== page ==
The El Niño of 2019 is officially done. Near-average conditions in the tropical Pacific indicate that we have returned to ENSO-neutral conditions (neither El Niño or La Niña is present). Forecasters continue to favor ENSO-neutral (50-55% chance) through the Northern Hemisphere winter.

What’s on our plate?

The July Niño3.4 index, our primary index for monitoring ENSO, was 0.4°C above the long-term average, falling below the El Niño threshold of 0.5°C for the first time since last September. In addition, tropical atmospheric conditions have trended toward neutral, as the cloudiness and rainfall over the Pacific were near average over the past month. The trade winds also have been near average lately, indicating that Walker circulation, which weakens during El Niño, has shown signs of rebounding.

Monthly sea surface temperature in the Niño 3.4 region of the tropical Pacific for 2018–19 (purple line) and all other El Niño years since 1950. graph based on ERSSTv5 temperature data.


Based on these latest indicators from the tropical ocean and atmosphere, NOAA forecasters have declared that El Niño has ended and neutral conditions have returned. Does a return to neutral mean that average weather conditions are expected to prevail around the globe? As Michelle pointed out a couple years ago, the answer is an emphatic NO.  A return to neutral means that we will not get that predictable influence from El Niño or La Niña, but the atmosphere is certainly capable of wild swings without a push from either influence.  Basically, ENSO-neutral means that the job of seasonal forecasters gets a bit tougher because we do not have that ENSO influence that we potentially can predict several months in advance (in a probabilistic form).

A change to neutral could also impact the Atlantic hurricane season, which typically ramps up this time of year and peaks in early-to-mid September.  El Niño tends to produce hostile conditions for Atlantic hurricanes, as explained more thoroughly in Dr. Phil Klotzbach’s guest post, so a return to neutral means  that we will not get a decisive push from El Niño to the Atlantic.  The updated NOAA Atlantic Hurricane Season Outlook is now available, so be sure to check how these changing ENSO conditions and other drivers are impacting the Atlantic hurricane season.

Sea surface temperature from June 1 through July 27, 2019. The region of cool water in the tropical eastern Pacific, called the eastern Pacific cold tongue, is clearly visible along the Equator, surrounded by warmer waters to the north and south. The wavy features along the northern and southern borders between the cold tongue and the warmer waters are tropical instability waves. The waves on the north side are clearer in part due to the stronger temperature gradient on that side of the cold tongue. Map by NOAA from CDR data.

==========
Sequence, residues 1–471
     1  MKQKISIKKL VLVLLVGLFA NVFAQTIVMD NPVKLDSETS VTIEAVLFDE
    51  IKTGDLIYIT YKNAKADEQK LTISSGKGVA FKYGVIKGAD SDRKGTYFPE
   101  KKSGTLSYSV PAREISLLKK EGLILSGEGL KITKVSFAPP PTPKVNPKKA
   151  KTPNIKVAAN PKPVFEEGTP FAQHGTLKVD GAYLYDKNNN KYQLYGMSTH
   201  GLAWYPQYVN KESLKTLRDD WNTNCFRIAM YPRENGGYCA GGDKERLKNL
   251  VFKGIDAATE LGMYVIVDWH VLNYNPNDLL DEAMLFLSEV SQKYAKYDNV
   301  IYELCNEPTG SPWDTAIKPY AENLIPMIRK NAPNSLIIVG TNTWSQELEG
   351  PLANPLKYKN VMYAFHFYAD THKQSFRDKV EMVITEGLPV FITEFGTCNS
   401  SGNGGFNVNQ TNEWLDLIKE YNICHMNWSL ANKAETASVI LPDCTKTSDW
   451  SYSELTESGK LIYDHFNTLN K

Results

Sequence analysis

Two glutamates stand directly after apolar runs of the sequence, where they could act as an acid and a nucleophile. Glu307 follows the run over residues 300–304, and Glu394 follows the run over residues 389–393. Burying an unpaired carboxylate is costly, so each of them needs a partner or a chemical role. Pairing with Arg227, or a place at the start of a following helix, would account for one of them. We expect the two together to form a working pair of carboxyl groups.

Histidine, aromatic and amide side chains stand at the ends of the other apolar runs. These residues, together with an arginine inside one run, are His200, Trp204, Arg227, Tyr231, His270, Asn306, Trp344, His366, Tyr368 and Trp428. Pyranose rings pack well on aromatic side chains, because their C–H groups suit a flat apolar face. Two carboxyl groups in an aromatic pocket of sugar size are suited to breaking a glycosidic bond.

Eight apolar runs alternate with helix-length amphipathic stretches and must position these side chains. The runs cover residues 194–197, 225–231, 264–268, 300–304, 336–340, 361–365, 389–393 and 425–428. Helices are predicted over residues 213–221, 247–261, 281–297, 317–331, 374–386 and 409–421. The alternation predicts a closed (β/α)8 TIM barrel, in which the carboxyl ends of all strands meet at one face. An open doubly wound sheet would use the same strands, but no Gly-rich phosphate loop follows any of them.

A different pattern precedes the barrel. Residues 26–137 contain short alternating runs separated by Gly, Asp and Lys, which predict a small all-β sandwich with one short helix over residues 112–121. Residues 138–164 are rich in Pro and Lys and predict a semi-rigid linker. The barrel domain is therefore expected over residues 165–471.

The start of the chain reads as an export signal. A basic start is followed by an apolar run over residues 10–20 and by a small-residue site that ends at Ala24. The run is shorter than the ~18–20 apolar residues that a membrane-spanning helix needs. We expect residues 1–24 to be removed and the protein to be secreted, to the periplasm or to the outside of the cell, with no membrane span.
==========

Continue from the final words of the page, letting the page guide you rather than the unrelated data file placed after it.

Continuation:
And just to drive home that ENSO-neutral doesn’t necessarily mean “bland and boring,” a closer look at the weekly ocean surface temperature reveals some fascinating, wavy features over the eastern Pacific. Emily discussed these interesting features, called tropical instability waves, a few years ago. These waves can produce some dramatic week-to-week swings in the Niño3.4 index, but their effects tend to get washed out in the monthly and seasonally averaged index. That doesn’t mean that these waves cannot impact ENSO – check out Emily’s post to find out more!

What’s on the menu?

Will ENSO-neutral conditions continue through fall and winter? Similar to last month, most of the computer models we consult predict that the ocean surface temperature in the Nino3.4 region will remain near average throughout this period. NOAA forecasters favor this outcome, predicting a 50-55% chance of neutral conditions remaining through winter.

Vertical bar histogram showing probabilities for La Niña (blue), neutral (gray), and El Niño (red) conditions for the remainder of 2019 and into early 2020. Thin lines show climatological (historical average) probabilities for these same three ENSO conditions. Figure from IRI.

Is it possible for an El Niño to end in the spring or summer only to reemerge again in the following fall? Yes, it can happen! (You can get a sense of this from close inspection of the first figure above.) We have seen this sort of situation a few times since 1950, the latest being the reemergence of El Niño in the fall of 1977. Some forecast models favor this outcome, and forecasters consider this plausible, but not the most likely outcome, predicting a 30% chance of El Niño next fall and winter.

The current forecast underscores that we don’t have a sure bet this far in advance – there are many possible outcomes for the coming fall and winter. The forecast probabilities still give us useful information on what outcome is favored at this time. As conditions evolve, we will gather more information that will allow us to refine these probabilities and hopefully narrow the forecast uncertainty. You can count on us to stay on top of these developments and to give you the latest!

This ain’t Mama’s home cookin’!

I know what you’re thinking – this blog post isn’t the same sweet, tasty morsel of freshly baked ENSO goodness that Emily usually delivers to us. I feel the same way. Emily is away this week, but don’t worry, she will be back soon for a post later in August. That means you’ll want to check back in a few weeks to satisfy your next ENSO craving!

Source: Nat Johnson,